“It doesn’t make any sense!” the elderly woman said to her visitor. “That daffodil has reseeded itself in the concrete! And it’s changed colour and its now a double daffodil. I can’t explain how it has happened but somehow it has. See for yourself.” She took the visitor to the back door and showed her the rare double bloom poking out of the crazy paving.
The created world is full of impossibilities, to stimulate our sense of wonder and make us awestruck in astonishment. So Easter is not so detached from the rest of our existence; it is part and parcel of wondrous living. New life emerges from impossible situations, new light penetrates the darkest of places, new joy penetrates tear-filled eyes, new hope penetrates the shadows of tragedy and despair. We all know this happens, defying logic and belief.
We will never know or be able to understand what happened to those Easter disciples. Somehow their trauma was turned to triumph; somehow their heartbreak was transformed into rejoicing. Nothing will be able to be proved by argument or reason.
The earliest testimonies to Easter come to us not from the first eye-witnesses but from Paul’s correspondence to the Christians in Corinth. Paul’s claim is that Jesus, risen and glorified, stopped him in his tracks, transforming him from persecutor to preacher, from anger to love. Paul’s eyes had been opened to a new world in which death, hatred, evil, and all that destroys fruitful living had been overwhelmed by an incredible explosion of divine vitality, through the cross and the new life of Jesus Christ. Paul’s world was a new world. His priorities had been turned upside down. His life had been given back to him and it was now unrecognisable.
Paul describes it in terms of a new beginning for the whole of creation. Humanity, Adam, was being offered a new garden world and a new miraculous seed had come to flower, enabling life to blossom once more as it had always been meant to flower.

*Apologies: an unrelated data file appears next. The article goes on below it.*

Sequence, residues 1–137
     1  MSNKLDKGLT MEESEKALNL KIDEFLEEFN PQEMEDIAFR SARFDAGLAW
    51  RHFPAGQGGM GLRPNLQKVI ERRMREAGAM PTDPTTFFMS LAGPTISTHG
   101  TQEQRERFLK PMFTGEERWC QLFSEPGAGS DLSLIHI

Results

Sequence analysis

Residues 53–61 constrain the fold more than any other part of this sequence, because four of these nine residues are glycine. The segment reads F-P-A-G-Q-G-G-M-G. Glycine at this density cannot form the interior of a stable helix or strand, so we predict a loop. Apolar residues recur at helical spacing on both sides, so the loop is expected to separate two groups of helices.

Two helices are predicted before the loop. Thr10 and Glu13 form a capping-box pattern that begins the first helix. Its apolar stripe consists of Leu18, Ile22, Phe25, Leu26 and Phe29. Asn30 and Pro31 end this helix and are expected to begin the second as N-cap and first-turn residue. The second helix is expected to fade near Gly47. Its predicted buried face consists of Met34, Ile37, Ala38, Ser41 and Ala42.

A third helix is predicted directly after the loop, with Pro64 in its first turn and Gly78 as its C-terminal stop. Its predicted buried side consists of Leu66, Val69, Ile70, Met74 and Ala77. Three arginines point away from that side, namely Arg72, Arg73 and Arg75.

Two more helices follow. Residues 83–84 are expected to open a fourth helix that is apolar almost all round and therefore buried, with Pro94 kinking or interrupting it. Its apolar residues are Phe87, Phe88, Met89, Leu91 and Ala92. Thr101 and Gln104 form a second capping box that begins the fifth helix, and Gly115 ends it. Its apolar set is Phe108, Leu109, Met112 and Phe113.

Believing and living this nonsense has been the joyful pilgrimage of Christians ever since. But can we live it in our own time and age? Can we take that leap of foolish faith which still enables us to believe in hope within a brutal world? Paul would have called it waging war on the principalities and powers of this world. That’s not our language. Our language may be less confrontational but there is no doubt we have a message which is a nonsense to people in any generation. In the end it will not be our language which will be the most persuasive factor, it will be our passion and perseverance, it will be the conviction of our living and our serving.
Jesus showed us pictures of Easter during his ministry, for his whole life was a celebration of the victory of the Kingdom of God. Easter is seen when foreigners stop on dangerous roads to help wounded travellers; Easter is proclaimed when shepherds go extra miles to find lost sheep and when estranged people come to realise that God is loving and forgiving rather than oppressive and angry. Easter is witnessed when a host or hostess offer an open invitation to their supper club, making no charge and asking for nothing in return. Easter rules when the mentally disturbed are embraced and homeless are provided with shelter.
That is why this “nonsense” has persisted for two thousand years. God’s transforming power is seen in the world because Jesus’ followers are still around. We draw on his risen power to proclaim and live the good news in the toughest of situations. If people say it is nonsense, an absurdity, we can agree … and go on living it.
With love and prayers
Russell J Furley-Smith